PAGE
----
Take a look at my article on Is The Close Grip Bench Press Harder?
Who Should Do The Close Grip Bench Press?
The close grip bench press is a great choice for a multitude of people including both athletes and general fitness enthusiasts including:
Powerlifters and Strongmen
Powerlifting is the only sport in which the bench press is a competitive lift and therefore the close grip bench press is a way to build your arms and add variety while still promoting specificity. Powerlifters looking to improve lockout and build tricep strength should look to include close grip benching into their programming.
Strongman competitors also do a lot of pressing movements that require strong arms and chest strength which can be built through the close grip bench.
It’s also a good variation to add in if you are pressing high volumes or with high frequency throughout the week in order to preserve your long term shoulder health in these two sports.
The close grip bench press was named as one of my top dip alternatives (click to check out the other exercises that made the list).
Weightlifters and Crossfitters
Although weightlifters and crossfitters do not bench press competitively, elbow extension is an important strength they need to stay strong when doing the clean and jerk.
The close grip bench press can be used as an accessory that will better transfer to a jerk when compared to a wide grip bench press because of its focus on elbow extension and tricep strength. For crossfitters, it will transfer to not only the clean and jerk but also handstand and other pressing movements common to crossfit training.
Additionally, weightlifters and crossfitters rely on the health of their shoulders to compete well, so the added benefit of the close grip bench press is the reduced stress on the shoulders.
Interested in pursuing weightlifting? Check out my article on How To Switch From Powerlifting To Weightlifting.
While multiple bench press variations can be considered even among bodybuilders, if triceps and the upper chest are areas in need of extra attention switching to close grip may be the answer.
Bodybuilders should consider including close grip bench press because of the added stimulation to the triceps and the upper chest. It is a compound lift that can be included as a primary movement especially for those concerned with aesthetics over maximal strength, to be followed by additional tricep and chest isolation work.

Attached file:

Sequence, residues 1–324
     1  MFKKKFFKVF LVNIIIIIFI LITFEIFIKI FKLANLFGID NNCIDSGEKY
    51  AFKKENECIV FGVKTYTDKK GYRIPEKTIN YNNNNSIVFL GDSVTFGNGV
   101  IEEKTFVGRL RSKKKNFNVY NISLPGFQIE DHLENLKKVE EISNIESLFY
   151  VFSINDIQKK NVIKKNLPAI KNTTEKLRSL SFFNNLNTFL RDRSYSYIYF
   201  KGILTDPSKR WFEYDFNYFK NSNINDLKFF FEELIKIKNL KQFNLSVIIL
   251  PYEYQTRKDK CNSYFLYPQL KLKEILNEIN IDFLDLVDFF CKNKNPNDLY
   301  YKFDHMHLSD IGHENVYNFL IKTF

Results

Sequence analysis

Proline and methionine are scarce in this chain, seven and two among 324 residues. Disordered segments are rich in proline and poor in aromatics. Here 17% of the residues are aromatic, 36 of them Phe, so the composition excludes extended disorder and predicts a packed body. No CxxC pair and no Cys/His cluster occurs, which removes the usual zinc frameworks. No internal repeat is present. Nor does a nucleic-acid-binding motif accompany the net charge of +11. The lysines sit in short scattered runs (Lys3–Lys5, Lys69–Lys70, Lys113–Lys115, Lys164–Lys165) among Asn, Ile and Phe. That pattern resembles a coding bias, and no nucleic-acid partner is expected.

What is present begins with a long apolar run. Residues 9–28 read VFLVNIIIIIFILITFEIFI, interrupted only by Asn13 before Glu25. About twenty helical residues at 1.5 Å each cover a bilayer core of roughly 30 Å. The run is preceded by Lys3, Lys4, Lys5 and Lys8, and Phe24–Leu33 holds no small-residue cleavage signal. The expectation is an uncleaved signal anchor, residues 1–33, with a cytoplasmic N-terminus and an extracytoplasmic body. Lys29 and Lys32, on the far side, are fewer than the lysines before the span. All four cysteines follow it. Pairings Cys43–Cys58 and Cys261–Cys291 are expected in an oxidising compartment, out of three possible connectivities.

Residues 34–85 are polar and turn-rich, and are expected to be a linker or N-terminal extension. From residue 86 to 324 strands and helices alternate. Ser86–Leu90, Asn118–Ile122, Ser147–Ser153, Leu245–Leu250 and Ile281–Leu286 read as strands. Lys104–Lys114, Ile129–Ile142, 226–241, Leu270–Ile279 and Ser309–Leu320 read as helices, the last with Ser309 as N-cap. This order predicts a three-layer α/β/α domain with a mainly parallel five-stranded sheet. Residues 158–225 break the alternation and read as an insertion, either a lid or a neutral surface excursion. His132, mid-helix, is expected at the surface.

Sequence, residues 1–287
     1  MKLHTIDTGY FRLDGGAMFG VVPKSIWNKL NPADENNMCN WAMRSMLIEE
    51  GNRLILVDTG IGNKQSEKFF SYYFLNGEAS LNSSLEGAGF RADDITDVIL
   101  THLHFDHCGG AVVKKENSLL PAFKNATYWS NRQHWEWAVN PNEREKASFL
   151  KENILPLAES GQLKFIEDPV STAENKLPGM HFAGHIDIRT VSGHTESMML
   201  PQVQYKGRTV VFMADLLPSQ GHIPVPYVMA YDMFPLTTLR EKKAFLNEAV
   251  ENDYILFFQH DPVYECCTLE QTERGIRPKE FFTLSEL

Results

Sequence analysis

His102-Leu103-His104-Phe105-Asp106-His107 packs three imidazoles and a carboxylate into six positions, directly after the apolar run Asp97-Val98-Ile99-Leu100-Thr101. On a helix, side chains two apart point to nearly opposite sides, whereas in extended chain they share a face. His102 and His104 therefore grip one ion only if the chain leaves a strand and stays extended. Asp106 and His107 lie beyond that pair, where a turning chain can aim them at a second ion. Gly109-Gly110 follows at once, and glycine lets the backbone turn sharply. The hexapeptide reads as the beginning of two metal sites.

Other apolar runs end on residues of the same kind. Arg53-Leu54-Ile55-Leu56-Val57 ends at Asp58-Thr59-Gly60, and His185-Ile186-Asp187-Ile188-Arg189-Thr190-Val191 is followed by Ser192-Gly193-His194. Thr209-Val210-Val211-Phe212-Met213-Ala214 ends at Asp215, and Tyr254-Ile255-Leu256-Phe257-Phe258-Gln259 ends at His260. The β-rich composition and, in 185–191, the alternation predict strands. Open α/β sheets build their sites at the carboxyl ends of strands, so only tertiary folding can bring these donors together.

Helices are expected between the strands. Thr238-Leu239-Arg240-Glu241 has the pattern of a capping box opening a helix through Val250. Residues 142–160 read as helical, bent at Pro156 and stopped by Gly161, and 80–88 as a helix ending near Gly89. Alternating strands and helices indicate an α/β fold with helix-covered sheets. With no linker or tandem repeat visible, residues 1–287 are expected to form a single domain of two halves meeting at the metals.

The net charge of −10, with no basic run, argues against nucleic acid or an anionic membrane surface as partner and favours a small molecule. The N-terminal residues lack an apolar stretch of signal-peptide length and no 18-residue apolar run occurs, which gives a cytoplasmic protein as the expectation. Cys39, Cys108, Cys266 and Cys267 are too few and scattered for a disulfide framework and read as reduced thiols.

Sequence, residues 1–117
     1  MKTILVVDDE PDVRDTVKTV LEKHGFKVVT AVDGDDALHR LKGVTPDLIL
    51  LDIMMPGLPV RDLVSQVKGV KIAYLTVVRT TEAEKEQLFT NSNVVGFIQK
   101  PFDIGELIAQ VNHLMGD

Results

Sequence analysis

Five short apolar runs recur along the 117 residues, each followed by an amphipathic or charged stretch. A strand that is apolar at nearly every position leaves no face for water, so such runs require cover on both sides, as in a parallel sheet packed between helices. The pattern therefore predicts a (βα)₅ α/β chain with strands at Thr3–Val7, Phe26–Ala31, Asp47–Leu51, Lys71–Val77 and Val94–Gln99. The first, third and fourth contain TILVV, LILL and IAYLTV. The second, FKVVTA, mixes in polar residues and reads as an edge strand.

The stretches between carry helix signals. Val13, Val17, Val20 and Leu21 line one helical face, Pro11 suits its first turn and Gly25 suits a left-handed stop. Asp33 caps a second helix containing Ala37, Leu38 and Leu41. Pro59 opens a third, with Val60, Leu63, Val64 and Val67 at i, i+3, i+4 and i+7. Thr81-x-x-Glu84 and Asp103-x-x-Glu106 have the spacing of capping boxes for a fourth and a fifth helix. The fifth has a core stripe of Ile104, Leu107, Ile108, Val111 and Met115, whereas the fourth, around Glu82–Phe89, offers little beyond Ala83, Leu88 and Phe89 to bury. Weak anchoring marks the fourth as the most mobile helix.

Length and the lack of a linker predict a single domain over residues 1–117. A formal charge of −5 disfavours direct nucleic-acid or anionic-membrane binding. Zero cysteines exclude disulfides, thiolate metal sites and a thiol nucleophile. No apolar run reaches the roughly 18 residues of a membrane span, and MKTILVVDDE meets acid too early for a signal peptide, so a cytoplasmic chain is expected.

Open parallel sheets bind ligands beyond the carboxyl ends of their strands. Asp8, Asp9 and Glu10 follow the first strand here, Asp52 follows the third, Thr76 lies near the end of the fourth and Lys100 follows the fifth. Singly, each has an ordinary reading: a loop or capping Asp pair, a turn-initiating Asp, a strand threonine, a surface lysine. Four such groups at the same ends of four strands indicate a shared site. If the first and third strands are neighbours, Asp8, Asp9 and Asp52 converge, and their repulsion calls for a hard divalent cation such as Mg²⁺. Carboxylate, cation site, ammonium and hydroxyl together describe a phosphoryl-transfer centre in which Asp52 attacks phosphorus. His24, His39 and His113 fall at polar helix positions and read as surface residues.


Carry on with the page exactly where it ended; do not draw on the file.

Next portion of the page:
Check out 13 differences between the powerlifting vs bodybuilding bench press.
Other sport athletes
Athletes who train in sports like basketball, boxing or football where passing, throwing, defending or punching is a key component to the sport should also consider adding in close grip bench press to their training.
These types of sport athletes would benefit because they require strength and power from a position where the elbows are kept close to the body or they need strong elbow extension.
General gym go-ers who are just concerned with overall fitness are welcome to choose between wide or close grip bench press depending on their goals. If the triceps or upper chest are an area of interest, or if they are struggling with locking out wider grip bench presses, a close grip will be a good option.
This is especially true for anyone in the general population with a history of shoulder injuries, surgery or anyone experiencing discomfort or pain with a wider bench press grip.
Curious to know what grip you should take for overhead press? Read: What Is The Best Overhead Press Grip Width.
How To Set Up A Close Grip Bench Press
The set up for a close grip bench press is very similar to that of a regular bench press with slight adjustments to the placement of your hands.
To start, lay down on the bench and plant your feet firmly on the ground. Ensure you have all points of contact on the bench including: your glutes, your upper back, shoulders and your head.
Tip: Because your arms will be in a more narrow position, you will want to set up your bench rack height at least 1 level higher than you normally would for a wide grip bench press.
With arms straight above you, grab the barbell about 5 finger widths inside of your standard bench press grip. Your hand will likely land just outside or may even cross inside the start of the knurling depending on how broad your shoulders are.
With your shoulders retracted, lift off the weight. You will notice a tendency to allow a little more protraction with the close grip bench press than with a wide grip because of reduced lat engagement; however, you still want to ensure your upper body stays on the bench as firmly as possible and you should resist the urge to let your shoulders go loose.